Sierra Strangfeld never expected her heartfelt post about donating breastmilk to go viral.
“It was the easiest way for me to spread the word of what was happening in my pregnancy, versus being asked all the time or pretending I was okay when I really wasn’t,” she tells SheKnows about why she started sharing her journey on social media.
At her 20-week pregnancy check-up, Strangfeld’s baby-to-be, Samuel, was diagnosed with Trisomy 18, a rare genetic condition that is usually fatal within the first week of life — if not before. When Strangfeld posted about donating her breastmilk, she saw that as “the end of [her] journey.” Since her post went live last week, however, she’s gained the attention of thousands of Facebook users — and national as well as international news outlets.
In the post, Strangfeld writes that she had been looking forward to breastfeeding Samuel, especially because she was unable to breastfeed Porter, her daughter. Once she learned of Samuel’s diagnosis, though, Strangfeld knew that wouldn’t be possible; Samuel was born prematurely and lived for three hours outside the womb. After she lost Samuel, Strangfeld set a goal to pump until his original due date, eventually collecting 500 ounces of milk.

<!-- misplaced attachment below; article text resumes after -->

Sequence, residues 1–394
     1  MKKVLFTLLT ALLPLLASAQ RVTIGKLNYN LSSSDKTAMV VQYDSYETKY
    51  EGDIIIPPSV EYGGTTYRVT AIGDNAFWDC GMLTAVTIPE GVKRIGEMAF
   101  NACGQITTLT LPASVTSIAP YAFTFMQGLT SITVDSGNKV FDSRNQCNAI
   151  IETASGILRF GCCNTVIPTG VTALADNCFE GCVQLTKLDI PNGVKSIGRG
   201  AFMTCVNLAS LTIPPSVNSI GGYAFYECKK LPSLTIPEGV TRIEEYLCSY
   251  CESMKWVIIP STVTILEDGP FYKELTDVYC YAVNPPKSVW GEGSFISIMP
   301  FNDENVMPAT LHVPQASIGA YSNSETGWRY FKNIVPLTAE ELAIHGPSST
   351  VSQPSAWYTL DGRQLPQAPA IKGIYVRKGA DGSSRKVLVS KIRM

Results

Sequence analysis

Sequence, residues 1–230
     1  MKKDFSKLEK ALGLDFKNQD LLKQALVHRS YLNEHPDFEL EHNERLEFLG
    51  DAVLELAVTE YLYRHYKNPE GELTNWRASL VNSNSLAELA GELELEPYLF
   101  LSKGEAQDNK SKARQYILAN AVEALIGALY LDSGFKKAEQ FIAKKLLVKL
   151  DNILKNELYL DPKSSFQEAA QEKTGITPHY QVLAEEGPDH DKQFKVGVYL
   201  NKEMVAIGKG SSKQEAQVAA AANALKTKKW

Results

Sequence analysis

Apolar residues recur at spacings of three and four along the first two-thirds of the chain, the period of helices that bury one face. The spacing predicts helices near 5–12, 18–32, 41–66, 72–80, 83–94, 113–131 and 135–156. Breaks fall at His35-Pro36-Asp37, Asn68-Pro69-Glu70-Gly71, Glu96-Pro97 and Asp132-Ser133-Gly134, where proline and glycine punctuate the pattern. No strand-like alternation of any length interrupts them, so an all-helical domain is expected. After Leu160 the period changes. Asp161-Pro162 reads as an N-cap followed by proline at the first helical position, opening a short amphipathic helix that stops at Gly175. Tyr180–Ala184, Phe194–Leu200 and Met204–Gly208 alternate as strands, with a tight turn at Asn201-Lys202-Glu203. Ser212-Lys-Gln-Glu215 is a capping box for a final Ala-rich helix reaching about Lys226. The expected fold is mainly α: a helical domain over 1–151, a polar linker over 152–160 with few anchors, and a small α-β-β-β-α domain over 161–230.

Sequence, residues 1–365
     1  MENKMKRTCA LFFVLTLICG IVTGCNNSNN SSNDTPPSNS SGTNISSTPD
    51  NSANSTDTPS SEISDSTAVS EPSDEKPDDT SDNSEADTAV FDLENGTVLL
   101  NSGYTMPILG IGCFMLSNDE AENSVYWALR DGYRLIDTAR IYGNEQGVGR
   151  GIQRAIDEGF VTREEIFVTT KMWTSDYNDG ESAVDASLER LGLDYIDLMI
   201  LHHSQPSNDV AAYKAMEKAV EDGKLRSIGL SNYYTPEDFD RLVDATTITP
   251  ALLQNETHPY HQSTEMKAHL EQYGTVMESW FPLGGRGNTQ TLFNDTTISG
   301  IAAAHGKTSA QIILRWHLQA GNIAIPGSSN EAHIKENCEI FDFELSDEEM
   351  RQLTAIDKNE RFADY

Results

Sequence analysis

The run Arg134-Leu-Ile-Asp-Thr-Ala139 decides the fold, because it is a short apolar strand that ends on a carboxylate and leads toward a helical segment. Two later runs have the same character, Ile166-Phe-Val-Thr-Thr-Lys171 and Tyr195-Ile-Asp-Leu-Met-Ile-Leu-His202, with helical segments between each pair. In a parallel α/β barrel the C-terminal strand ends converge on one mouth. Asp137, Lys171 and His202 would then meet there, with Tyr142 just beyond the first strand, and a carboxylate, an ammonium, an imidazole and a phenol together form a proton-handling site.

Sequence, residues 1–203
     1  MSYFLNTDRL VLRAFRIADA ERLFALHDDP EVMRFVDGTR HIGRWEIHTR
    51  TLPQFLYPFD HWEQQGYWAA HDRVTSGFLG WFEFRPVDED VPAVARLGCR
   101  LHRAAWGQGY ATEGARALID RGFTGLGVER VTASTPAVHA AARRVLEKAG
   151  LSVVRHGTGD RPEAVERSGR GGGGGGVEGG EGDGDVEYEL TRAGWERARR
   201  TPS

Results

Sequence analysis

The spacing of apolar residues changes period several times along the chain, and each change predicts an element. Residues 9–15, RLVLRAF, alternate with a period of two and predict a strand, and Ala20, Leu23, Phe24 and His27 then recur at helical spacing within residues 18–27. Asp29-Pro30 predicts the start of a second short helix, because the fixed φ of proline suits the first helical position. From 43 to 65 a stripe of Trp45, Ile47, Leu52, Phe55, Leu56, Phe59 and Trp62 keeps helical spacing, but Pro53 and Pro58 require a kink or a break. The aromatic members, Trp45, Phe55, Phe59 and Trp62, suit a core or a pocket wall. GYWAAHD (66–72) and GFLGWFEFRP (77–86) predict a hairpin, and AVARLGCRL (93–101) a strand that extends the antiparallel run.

Strangfeld, like so many moms, quickly learned that pumping is not for the faint of heart and would require getting up in the middle of the night alone in a time she hoped she’d be sharing with her son. But she pressed on.
“Every time I thought of quitting, I saw Samuel’s face,” she tells SheKnows, “And thought to myself, I would be doing this if he was here, and alive, so I’m going to keep doing it as if he was.” Strangfeld goes on to say that, while she couldn’t control Samuel’s life or death, pumping was something she could control. After pumping for 63 days, she donated all of it to a NICU milk bank.
While pumping was a way of fulfilling one promise Strangfeld had made to Samuel, the Facebook post inadvertently allowed her to fulfill another:
“We promised Samuel the world would know his name,” Strangfeld adds. “I didn’t know how, and I didn’t know when, and we can’t believe it was actually happening.” While many comments on her Facebook post praise Strangfeld for her work and her donation, the most meaningful thing, for her, is that the post — and the news coverage — are raising awareness about Trisomy 18.
“If one more person is informed on Trisomy 18, then we did our job,” she says. Considering how many people her story has reached, Strangfeld has definitely done her job — and then some.